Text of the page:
Nuremberg. Many consider hybrids to be a niche product because of the space problems caused by having a vehicle with two power plants: one electric and the other internal combustion.
The electronic components in a hybrid are so large that they don't fit easily into the engine compartment, which has limited designers' possibilities for vehicle configurations.
But researchers here at ZKLM, a satellite of the Erlanger Fraunhofer Institute for Integrated Systems and Component Technology, have found a space-saving solution.
They have developed a ring-shaped electronics assembly that fits in the transmission bell housing along with the electric motor.
The space near the coupling can hold a 50kw electric motor plus all the necessary electronics.
Until now, the electronics more or less have been housed in large boxes wherever there was room in the engine compartment. The units all were hooked together with cables and connectors.
"That is a problematical approach because it is complicated and expensive, and cable connections are especially prone to failure," said Martin Maerz, manager of ZKLM.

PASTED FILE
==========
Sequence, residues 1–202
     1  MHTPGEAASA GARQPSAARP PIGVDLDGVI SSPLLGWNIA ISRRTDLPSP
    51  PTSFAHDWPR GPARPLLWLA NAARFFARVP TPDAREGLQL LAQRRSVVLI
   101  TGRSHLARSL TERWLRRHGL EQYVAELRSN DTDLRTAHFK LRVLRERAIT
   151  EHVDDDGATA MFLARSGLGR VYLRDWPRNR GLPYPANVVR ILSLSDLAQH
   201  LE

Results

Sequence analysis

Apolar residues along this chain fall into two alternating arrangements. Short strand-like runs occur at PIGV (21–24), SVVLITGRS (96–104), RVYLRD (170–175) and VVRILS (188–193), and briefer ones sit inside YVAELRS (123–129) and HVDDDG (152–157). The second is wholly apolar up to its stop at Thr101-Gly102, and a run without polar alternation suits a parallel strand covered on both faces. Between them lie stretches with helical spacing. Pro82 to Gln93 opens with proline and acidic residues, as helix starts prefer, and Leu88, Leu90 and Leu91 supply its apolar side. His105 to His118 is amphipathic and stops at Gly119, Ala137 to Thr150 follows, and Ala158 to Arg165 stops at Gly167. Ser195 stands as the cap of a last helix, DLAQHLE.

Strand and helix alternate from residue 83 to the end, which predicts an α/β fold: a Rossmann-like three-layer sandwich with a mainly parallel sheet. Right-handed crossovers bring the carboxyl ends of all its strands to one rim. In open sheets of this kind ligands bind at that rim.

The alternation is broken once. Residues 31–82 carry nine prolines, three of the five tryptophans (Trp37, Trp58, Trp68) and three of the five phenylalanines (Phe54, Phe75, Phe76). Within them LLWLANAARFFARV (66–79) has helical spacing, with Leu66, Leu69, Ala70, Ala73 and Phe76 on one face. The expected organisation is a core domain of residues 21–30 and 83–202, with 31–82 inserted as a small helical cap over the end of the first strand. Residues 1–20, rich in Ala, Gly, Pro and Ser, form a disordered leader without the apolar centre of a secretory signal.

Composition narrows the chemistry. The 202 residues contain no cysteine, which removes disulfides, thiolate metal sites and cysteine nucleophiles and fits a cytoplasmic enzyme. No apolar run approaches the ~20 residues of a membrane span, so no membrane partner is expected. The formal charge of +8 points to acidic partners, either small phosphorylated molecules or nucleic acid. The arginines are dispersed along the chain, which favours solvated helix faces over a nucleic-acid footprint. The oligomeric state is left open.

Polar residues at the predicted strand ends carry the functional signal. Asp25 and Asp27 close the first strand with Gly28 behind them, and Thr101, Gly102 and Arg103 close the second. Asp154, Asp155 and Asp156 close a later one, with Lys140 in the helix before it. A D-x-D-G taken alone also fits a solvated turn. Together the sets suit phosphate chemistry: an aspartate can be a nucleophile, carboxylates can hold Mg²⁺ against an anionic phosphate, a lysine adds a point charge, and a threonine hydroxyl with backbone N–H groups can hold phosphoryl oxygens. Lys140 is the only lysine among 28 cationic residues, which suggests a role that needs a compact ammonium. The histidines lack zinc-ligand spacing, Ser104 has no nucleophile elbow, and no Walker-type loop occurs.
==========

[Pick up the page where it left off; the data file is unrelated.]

To merge electronics and mechanics, ZKLM's experts first had to develop completely new units. The engineers replaced the conventional pot-shaped capacitor, which stores the energy to supply the electric motor's magnet coils, with a foil coil. It is flexible and easily positioned inside the bell housing.
This work resulted in a banana-shaped performance module, instead of a rectangular one. The new module fits perfectly in the housing. It also converts direct current into the alternating current that the engine needs. Direct current is used inside the vehicle.
The researchers have completed the third generation of their so-called power conversion engine.
Currently, the Nuremberg team is working on increasing the reliability of the engine. For example, it is determining how the individual units respond to thermal loads.
Maerz believes the new technology "will come into use beginning in 2012."